An early Donald Trump backer aims for higher office in Georgia

Sen. Mike Crane (left), R-Newnan, and Sen. Michael Williams, R-Cumming, confer in the statehouse. BOB ANDRES / BANDRES@AJC.COM

Sen. Mike Crane (left), R-Newnan, and Sen. Michael Williams, R-Cumming, confer in the statehouse. BOB ANDRES / BANDRES@AJC.COM

A few of the dominoes in Georgia’s 2018 election scene could soon be toppled over.

The question echoing in Georgia’s statehouse is not just who gets in the governor’s race (and how soon) but who lines up to take their place. And we now have a pretty good clue about one of the more intriguing contests.

Secretary of State Brian Kemp has long been seen as a likely candidate for Georgia’s top job, and the jockeying to replace him if he takes the leap is already underway. Some of the loudest whispers we heard were from supporters of state Sen. Michael Williams, the Cumming Republican and businessman who owned a chain of haircut franchises before he was elected on an outsider’s platform in 2014.

In a statement from his campaign strategist, Seth Weathers, Williams staked an early claim for Kemp’s seat if the incumbent doesn’t seek reelection. Here goes:

“Michael isn’t the typical politician that would play coy with your question and not give you a straight answer. This short answer is yes, he is seriously considering it. Over the past few weeks he has heard from many people across the state that are overwhelmingly supportive. When we get closer to the next election, he will make his final decision. Right now he’s focused on the next legislative session in the state Senate.”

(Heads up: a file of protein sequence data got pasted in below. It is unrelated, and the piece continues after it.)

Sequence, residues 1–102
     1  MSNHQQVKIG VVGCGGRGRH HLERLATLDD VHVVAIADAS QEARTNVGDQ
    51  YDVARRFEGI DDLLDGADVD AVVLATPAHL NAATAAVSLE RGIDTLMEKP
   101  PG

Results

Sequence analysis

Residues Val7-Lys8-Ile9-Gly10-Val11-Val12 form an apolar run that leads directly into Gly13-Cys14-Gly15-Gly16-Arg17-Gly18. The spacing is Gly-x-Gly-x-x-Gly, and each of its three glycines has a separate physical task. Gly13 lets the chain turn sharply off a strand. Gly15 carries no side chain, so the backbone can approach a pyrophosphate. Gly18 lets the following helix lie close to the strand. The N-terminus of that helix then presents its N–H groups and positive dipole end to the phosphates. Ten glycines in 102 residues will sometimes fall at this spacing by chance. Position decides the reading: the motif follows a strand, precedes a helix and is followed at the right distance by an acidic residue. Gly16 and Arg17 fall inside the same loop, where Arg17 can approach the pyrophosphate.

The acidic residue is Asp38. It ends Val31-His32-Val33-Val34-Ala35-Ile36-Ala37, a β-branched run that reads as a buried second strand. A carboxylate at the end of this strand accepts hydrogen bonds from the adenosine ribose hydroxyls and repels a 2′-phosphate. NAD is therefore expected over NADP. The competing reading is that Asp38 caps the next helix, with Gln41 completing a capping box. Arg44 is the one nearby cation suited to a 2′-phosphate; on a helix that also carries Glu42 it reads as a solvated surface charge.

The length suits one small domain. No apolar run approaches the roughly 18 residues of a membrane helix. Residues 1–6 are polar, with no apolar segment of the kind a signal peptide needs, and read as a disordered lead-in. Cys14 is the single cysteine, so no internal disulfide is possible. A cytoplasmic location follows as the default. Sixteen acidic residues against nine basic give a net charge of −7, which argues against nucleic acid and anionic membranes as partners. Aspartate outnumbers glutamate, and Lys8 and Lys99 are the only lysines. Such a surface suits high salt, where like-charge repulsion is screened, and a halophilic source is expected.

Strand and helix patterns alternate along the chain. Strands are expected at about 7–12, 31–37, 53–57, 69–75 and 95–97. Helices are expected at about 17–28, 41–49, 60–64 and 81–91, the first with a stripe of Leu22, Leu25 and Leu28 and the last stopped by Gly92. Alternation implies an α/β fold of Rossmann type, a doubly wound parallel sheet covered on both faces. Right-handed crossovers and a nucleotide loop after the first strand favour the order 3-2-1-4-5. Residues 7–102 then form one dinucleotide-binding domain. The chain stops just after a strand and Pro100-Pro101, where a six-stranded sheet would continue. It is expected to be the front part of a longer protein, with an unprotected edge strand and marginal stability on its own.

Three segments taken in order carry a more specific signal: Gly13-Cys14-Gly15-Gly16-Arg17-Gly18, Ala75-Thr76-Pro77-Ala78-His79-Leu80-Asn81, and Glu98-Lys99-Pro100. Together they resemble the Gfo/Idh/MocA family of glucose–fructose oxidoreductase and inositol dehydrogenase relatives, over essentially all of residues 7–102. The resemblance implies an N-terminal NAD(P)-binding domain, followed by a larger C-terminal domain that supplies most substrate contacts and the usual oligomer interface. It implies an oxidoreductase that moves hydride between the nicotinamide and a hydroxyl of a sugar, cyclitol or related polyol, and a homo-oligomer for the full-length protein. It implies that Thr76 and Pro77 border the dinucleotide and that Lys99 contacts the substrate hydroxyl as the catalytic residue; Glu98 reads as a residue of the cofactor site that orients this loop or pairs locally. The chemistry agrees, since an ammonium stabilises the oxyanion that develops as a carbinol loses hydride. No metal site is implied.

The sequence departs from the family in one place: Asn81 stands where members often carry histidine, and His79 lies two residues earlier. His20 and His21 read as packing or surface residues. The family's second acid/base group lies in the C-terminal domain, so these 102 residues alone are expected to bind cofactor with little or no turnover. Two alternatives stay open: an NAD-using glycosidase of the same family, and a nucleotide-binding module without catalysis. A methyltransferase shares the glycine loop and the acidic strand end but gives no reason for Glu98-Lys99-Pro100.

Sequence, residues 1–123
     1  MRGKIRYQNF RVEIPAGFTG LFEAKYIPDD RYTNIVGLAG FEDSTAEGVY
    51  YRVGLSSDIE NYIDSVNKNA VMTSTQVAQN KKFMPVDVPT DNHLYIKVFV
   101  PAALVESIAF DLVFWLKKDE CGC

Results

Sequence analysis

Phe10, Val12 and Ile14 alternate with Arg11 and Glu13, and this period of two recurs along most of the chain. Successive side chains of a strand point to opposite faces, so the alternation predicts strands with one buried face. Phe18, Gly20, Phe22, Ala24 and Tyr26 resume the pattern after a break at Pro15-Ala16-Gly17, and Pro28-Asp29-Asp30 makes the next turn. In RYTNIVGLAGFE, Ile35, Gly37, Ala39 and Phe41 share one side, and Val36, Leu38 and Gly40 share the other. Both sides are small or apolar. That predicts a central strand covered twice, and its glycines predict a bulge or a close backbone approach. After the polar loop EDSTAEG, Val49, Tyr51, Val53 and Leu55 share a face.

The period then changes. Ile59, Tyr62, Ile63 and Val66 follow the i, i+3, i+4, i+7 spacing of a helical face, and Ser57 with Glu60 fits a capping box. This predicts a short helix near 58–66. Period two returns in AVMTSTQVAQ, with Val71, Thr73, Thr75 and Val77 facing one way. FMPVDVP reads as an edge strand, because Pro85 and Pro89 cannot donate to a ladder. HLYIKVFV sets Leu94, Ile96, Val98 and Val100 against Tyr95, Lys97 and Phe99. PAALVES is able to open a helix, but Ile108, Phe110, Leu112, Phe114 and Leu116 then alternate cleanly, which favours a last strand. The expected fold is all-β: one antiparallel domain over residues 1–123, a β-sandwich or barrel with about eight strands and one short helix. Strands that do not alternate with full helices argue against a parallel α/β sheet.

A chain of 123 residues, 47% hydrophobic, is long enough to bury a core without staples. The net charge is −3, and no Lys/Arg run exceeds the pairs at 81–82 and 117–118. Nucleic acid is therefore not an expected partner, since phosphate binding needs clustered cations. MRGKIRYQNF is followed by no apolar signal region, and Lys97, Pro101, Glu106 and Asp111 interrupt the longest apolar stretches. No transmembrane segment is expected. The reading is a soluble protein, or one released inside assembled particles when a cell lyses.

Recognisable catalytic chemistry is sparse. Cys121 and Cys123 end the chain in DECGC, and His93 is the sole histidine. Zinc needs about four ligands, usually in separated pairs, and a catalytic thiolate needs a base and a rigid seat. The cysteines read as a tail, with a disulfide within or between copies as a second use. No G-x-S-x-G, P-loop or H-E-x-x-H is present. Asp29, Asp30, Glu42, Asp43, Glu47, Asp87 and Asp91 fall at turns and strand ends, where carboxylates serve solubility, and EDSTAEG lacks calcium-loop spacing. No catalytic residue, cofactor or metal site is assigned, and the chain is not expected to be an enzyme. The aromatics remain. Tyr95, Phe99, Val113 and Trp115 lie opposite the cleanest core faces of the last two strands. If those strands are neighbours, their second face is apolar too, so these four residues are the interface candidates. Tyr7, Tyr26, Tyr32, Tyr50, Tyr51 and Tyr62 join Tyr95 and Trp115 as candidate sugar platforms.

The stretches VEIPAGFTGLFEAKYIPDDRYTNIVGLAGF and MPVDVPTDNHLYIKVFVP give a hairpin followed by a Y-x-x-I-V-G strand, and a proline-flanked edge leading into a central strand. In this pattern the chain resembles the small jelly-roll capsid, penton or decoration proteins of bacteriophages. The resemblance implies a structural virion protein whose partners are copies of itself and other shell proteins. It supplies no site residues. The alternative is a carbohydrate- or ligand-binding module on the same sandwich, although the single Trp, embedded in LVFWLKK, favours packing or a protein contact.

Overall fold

This is where it gets interesting. Williams was the first elected state official in Georgia to endorse Donald Trump and is co-chair of his state campaign. (He was also an early backer of that other self-appointed outsider, Sen. David Perdue). And Weathers was Trump’s first Georgia campaign operative, and still has close ties to the campaign.

Win or lose in November, Trump has transformed Republican politics in Georgia. And Williams’ potential candidacy is another signal that Trump’s allies are looking to make a lasting imprint far beyond this year’s contests.


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